Trump Job Approval Falls To 38% In New Poll
Monday’s report on Gallup’s Daily Presidential Job Approval Tracking Poll has no good news for the Trump Administration:
President Trump’s approval rating has dropped to 38 percent, according to Gallup’s daily tracking poll.
The Monday number in the Gallup Daily Tracking poll is Trump’s lowest since April 1.
His approval dropped as low as 35 percent in late March.
According to Gallup’s records, Trump’s rating on his 115th day in office is lower than any of the last four presidents at the same point in their term.
This comes on the heels of a week that began with Trump’s firing of F.B.I. Director James Comey and the extent to which his Administration kept changing the story about why he had done so. As I detailed in successive posts beginning last Monday afternoon — see here, here, here, here, and here — the Administration’s explanation for why Comey was fired changed at least three to four times before Trump finally confirmed in an interview with Lester Holt of NBC News that he fired Comey at least in part because of the Bureau’s investigation of Russian interference in the election and the allegations regarding ties between Trump associates and Russian government officials. As if that wasn’t bad enough, the weekend ended with the President appearing to threaten Comey with the idea that he might have to fear if there were “tapes” of his conversations with Comey. Notwithstanding the gravity of the President apparently revealing the possible existence of a taping system in the White House, both Press Secretary Sean Spicer and the President himself have refused to comment on the obvious questions raised by that tweet. It’s worth noting, though, that when he was a Trump was a private businessman it was apparently a badly kept secret among his closest aides that he routinely recorded phone calls and meetings in his office. In the wake of these events, polling on the question of whether it was proper for Trump to fire Comey has been mixed, but they all show that most American’s do not support the action and that an overwhelming number of Americans want to see an independent investigation of all these allegations.
Looking at the polling averages, things continue to look bad for Trump. The RealClearPolitics polling average, for example, shows Trump at 40.9% approval and his disapproval average at 53.8%. On Pollster, it stands at 41.1% approval and 54.3% disapproval. Among Independents, Pollster’s average shows Trump’s average at 37.8% approval and 52.5% disapproval. As the RCP shows, the trend for Trump continues to be a bad one:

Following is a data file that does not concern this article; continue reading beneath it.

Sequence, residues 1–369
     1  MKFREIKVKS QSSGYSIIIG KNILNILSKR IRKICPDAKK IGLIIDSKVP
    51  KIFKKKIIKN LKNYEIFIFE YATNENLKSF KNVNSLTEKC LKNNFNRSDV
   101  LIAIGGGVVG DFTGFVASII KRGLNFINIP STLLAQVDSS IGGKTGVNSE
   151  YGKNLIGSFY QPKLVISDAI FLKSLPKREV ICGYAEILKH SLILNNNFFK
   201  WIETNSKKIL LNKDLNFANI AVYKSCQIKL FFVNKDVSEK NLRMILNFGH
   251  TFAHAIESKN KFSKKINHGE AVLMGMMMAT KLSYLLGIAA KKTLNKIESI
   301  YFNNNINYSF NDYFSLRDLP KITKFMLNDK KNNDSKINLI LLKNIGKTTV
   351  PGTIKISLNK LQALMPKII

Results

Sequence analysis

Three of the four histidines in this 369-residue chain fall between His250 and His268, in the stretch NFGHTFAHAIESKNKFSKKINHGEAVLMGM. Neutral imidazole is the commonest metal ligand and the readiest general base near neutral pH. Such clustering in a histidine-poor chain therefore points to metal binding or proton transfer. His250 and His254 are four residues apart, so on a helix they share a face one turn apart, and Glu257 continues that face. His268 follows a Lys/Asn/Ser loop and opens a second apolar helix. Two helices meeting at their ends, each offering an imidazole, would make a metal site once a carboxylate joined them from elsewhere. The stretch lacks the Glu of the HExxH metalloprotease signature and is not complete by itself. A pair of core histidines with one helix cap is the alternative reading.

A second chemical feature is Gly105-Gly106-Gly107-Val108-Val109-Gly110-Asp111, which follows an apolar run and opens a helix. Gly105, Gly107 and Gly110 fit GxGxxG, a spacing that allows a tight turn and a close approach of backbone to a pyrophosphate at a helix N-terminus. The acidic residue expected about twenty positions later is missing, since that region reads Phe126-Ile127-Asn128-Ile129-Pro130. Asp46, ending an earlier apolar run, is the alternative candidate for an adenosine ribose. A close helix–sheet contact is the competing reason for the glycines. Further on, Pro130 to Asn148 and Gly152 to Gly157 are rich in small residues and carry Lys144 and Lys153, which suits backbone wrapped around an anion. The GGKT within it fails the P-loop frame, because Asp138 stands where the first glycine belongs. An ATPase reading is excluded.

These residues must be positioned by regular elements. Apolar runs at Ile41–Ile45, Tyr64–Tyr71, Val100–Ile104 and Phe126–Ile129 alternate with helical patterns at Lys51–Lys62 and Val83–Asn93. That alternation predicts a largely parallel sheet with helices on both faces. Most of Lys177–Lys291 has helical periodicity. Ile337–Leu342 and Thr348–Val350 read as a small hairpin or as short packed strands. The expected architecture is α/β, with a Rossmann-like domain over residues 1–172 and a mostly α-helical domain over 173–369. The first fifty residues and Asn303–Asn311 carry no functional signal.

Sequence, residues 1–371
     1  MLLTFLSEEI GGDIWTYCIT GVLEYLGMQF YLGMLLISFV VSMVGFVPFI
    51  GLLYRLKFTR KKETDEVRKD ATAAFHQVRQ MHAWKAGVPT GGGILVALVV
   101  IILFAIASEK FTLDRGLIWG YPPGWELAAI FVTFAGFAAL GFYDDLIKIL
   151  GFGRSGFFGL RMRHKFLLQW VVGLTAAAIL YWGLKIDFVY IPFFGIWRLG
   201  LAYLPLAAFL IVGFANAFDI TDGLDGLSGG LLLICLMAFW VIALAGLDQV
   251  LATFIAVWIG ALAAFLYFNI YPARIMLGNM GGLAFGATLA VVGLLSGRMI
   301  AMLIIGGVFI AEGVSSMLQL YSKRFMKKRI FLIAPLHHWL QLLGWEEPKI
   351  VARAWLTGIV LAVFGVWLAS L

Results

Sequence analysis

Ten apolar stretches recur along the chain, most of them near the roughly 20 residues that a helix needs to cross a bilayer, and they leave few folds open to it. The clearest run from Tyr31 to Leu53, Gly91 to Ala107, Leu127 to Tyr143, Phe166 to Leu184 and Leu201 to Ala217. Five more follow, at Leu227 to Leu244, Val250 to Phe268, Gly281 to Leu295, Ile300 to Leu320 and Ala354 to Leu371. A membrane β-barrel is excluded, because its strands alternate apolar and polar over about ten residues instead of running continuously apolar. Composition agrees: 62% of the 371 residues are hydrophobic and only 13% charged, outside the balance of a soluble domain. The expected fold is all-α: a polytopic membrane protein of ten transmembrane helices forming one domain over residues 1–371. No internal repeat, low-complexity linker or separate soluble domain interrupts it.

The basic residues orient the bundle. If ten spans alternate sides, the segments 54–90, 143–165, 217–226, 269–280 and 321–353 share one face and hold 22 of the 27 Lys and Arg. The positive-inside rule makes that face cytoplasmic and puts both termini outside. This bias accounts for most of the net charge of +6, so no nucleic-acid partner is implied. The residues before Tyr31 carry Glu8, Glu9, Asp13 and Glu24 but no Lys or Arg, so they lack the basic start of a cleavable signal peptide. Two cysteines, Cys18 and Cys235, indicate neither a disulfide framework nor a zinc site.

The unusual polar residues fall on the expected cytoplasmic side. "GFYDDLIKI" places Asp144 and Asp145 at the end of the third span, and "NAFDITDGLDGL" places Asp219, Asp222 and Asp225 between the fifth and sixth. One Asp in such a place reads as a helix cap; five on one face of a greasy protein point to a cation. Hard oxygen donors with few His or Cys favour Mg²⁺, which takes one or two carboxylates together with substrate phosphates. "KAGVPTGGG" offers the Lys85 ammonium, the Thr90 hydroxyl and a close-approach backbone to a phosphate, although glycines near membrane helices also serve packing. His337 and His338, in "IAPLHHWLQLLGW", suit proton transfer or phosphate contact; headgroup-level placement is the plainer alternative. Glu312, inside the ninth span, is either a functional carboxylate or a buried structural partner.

As I’ve said before, this is a bigger problem for Trump than his supporters will acknowledge.
Every President in recent memory has started off their time in office with genuinely positive job approval numbers. To a large degree, this is because voters appear to want to think the best of whoever the new POTUS is and want them to do the best job possible. How long that honeymoon lasts has varied, and often is related to things beyond the control of an individual POTUS. In recent times, though, it’s lasted for a considerable period. For Geoge W. Bush, it lasted basically four years but that’s pretty much because his numbers were sent into the stratosphere after 9/11 and it took a long time for that to fade. It wasn’t until after 2004, that Bush’s approval numbers began to sink thanks to a tightening economy and a seemingly endless war in Iraq. And, of course, he left office with one of the worst approval/disapproval ratios of any post-WW2 President with the exception of Nixon. For Obama, it wasn’t until well into his second year that his approval number had sunk to the point where there was even a slight majority that disapproved of his performance rather than approved. Obama’s numbers would fluctuate from there until 2012 when they bounced back just in time for the election, and after that, he remained mostly in positive territory for the remainder of his time in office. Trump started out in the negative and it hasn’t taken long, just 116 days, for him to reach point Buh didn’t reach until 2007. What that means for the future is hard to say but if it persists it’s going to hard for the Administration to have good weeks in the news cycle, and Republicans in Congress are likely to start to drift away from the Administration to save their own skins in the midterms. Finally, even if Trump does bounce back, one has to wonder what he’ll bounce back to. If he can’t get those two trend lines reversed, he’s going to face political trouble sooner rather than later.
And, my friends, we’re only at the end of Day 116.